Easily applicable multiple testing procedures to improve the interpretation of clinical trials with composite endpoints

Svenja Schüler, Annegret Mucha, Patrick Doherty, Meinhard Kieser, Geraldine Rauch

Research output: Contribution to journalArticlepeer-review


BACKGROUND: Cardiology trials often consider composite endpoints as primary efficacy outcomes thereby combining several time-to-event variables in a single time-to-first-event measure. The main motivation to use a composite endpoint is to increase the number of expected events thereby reducing the required sample size. However, interpretation may be difficult as the effect observed for the composite endpoint does not necessarily reflect the effects for the single components. To improve interpretation, it is therefore a current standard to analyze the individual components in a descriptive way. However, a descriptive analysis does not allow a statistical proof of concept. Therefore the gain in information is limited.

METHODS: This paper systematically explores multiple testing procedures aimed at improving the interpretation of composite endpoints by confirmatory tests of the components. A simulation study demonstrates, on the basis of a real cardiology clinical trial example, the benefit of these easily applicable multiple testing procedures.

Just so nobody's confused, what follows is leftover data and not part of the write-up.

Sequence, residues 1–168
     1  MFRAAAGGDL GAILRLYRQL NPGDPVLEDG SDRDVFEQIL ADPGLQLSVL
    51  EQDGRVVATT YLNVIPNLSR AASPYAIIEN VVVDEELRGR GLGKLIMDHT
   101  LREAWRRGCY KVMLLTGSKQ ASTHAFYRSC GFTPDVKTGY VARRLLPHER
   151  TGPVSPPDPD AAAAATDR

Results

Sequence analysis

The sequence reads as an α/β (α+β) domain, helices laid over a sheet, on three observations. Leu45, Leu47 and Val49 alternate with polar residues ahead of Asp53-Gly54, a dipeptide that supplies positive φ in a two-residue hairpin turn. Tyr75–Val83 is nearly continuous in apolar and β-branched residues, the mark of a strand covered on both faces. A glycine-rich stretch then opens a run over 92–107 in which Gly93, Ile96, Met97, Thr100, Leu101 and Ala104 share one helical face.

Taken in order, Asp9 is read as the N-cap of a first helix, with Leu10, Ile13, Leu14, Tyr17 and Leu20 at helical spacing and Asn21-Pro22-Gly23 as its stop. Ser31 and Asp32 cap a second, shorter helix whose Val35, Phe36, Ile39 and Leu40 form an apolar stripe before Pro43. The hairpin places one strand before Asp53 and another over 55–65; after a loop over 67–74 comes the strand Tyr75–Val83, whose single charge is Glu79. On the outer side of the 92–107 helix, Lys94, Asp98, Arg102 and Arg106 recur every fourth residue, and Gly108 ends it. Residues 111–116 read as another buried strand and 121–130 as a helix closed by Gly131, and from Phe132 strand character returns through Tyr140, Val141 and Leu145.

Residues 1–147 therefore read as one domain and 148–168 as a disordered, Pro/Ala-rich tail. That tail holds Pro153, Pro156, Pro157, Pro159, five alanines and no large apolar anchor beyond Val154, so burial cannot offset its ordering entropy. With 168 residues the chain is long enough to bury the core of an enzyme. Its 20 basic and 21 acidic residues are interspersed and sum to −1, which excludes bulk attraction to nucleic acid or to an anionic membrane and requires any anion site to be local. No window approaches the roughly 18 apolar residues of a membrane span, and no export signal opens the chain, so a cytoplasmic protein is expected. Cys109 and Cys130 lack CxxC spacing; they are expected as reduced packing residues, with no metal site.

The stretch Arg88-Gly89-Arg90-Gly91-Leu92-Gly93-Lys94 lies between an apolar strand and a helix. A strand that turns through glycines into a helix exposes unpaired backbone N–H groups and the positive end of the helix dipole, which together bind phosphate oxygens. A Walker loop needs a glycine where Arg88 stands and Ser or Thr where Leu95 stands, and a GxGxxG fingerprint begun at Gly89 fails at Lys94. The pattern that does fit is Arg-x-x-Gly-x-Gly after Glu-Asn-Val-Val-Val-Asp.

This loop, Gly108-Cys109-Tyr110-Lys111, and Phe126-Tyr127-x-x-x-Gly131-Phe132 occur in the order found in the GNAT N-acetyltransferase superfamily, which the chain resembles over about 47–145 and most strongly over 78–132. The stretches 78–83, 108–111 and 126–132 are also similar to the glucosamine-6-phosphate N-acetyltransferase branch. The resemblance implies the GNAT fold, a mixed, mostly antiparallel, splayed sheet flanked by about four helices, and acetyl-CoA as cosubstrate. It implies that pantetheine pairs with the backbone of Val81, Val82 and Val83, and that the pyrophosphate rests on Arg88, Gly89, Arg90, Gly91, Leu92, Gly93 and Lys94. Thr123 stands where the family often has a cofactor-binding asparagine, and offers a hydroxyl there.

RESULTS: By applying adequate multiple testing strategies to assess the components of a composite endpoint there is a high chance to get additional confirmatory evidence on the components without the need to increase sample size. With a moderate increase in sample size, a gain in evidence can often also be ensured with a predefined power.

CONCLUSION: The interpretation of composite endpoints can be improved by applying multiple testing procedures that assess the components. The methods discussed here are easy to apply and provide a substantial benefit for clinical interpretation of study results.

Original languageEnglish
Pages (from-to)126-132
Number of pages7
JournalInternational Journal of Cardiology
Issue number1
Early online date9 May 2014
Publication statusPublished - 15 Jul 2014

Bibliographical note

Copyright © 2014 Elsevier Ireland Ltd. All rights reserved.


  • Endpoint Determination
  • Humans
  • Randomized Controlled Trials as Topic
  • Sample Size
  • Statistics as Topic

Cite this